# Thread: Need help with physics/math

1. ## Need help with physics/math

I'm working on a baseball game and in order for the AI to work properly I need to be able to tell where the ball will land based on its speed and direction. The problem is my bat/ball interface is completely physics based and doesn't use static trajectories like most baseball games so every time you hit the ball it could go anywhere (based on a number of factors).

Any ideas?

2. Well I wish I could help, but it would sure be a lot easier to do so if you provided information such as what program you're developing this game with, and what code language or interface you're writing it in. It would also help to see the mathematical formulas involved in your physics engine.

But based off what you've said so far, I guess your best bet would be to just redo the system to incorporate static trajectories. :/

Well I wish I could help, but it would sure be a lot easier to do so if you provided information such as what program you're developing this game with, and what code language or interface you're writing it in. It would also help to see the mathematical formulas involved in your physics engine.
Game Maker and the physics "engine" is mind numbingly simple, I just don't understand physics in general. Basically once the bat contacts the ball, depending on the timing of the swing and the bat's height vs the ball's height the ball will take off. There is no spin on the balls and there is only air resistance and no wind.

The rise of the ball is based on bat position, whereas the horizontal angle is based on timing. I could post up the exe if need be.

But based off what you've said so far, I guess your best bet would be to just redo the system to incorporate static trajectories. :/
My intent wasn't really to create a baseball game when I started this, but to simply emulate puwapuro/yakyuu spirit's batting system so that would go against the purpose of the project unfortunately.

4. State the factors you want to use, and I might be able to help. Also, i guess you want to know where it will land on an area, am I right?

Edit: Saw your last post now, I'll see if I can come up with something about the distance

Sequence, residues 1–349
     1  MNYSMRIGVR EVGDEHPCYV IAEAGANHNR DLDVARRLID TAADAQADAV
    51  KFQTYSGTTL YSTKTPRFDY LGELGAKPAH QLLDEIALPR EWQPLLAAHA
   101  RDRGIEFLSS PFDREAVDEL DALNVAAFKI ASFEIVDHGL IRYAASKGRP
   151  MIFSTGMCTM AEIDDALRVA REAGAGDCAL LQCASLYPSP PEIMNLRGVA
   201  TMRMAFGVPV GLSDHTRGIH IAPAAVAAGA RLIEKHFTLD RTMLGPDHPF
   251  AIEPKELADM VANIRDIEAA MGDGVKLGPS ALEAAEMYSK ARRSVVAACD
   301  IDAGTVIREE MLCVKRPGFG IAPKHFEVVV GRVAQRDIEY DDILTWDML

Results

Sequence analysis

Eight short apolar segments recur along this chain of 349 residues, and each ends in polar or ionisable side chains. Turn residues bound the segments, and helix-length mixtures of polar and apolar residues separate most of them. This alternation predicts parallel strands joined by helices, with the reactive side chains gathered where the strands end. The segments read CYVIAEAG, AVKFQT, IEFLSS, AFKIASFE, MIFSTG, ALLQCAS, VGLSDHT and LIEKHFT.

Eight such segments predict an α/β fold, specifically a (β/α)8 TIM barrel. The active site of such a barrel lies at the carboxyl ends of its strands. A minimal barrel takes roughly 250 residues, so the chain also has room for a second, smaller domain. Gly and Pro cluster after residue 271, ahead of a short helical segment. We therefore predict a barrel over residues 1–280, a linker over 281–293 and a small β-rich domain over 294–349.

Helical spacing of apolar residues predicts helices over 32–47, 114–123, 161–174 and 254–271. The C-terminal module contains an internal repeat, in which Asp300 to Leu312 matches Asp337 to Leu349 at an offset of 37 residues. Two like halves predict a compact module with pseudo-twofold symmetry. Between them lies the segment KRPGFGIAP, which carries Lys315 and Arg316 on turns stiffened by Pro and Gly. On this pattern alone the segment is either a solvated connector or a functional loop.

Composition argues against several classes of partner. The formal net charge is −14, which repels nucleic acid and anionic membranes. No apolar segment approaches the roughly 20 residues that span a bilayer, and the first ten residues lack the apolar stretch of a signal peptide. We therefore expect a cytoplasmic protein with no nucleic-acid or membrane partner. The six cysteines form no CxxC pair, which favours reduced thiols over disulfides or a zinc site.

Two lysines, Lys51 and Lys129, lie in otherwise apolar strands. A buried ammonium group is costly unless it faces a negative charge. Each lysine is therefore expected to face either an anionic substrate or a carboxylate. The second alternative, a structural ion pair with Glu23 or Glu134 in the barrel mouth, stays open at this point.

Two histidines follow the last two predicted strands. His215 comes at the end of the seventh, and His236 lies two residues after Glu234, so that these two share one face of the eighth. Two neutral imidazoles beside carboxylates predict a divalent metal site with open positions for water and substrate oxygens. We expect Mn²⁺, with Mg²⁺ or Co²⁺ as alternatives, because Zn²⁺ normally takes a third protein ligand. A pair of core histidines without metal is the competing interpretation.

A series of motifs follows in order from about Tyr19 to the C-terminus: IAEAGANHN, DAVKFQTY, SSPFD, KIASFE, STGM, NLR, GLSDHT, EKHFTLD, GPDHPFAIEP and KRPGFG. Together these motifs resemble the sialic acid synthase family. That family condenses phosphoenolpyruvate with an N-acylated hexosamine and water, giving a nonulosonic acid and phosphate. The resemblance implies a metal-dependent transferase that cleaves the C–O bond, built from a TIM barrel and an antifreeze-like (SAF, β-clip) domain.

SPOILER! :
, it shows the basic stuff. Realised that you can find all this, better explained than I could ever do on Khan Academy, and sure enough: http://www.khanacademy.org/science/p...le-at-an-angle

ask away if you need clarification on anything. Mechanics is not really my thing, but it's basic engineering stuff this, so even a teconomist such as my self should be able to help you.

5. You're looking to get a lot of math answers, Jubes. If you're using Gamemaker, this is something completely different, as the physics are more than likely calculated in that language, or in the format of the engine you're using. I've screwed around with a few physics engines in some of my games, and most of the time they offer rigid bodies, see if you can use those, and look for a few functions hinting at force, velocity, etc.

Meaning, if you can find those functions, you can give the ball a velocity, and the bat a force on contact, and take the ball's velocity and the bat's force into account. I'd try and figure this all out, but I'm shit at actual math, and haven't touched GM in about a year or so, lol.

Try asking this in the GMC forum too.

6. C'mon James this stuff is so obvious

7. I plugged in your number rubisko but game maker wasn't having it. I think it's because the built in speed variables are bad and when I did get it to work it went backwards on the X axis. Guess I have to switch over to static trajectories. I'll just have to account for a butt ton of results.

8. You don't just plug math into GM, bro. You gotta do it so that the framework understands it.

9. I did, son, but I was using gm's built in speed function cuz I never thought this would balloon into such a big thing and now I really don't feel redoing everything.

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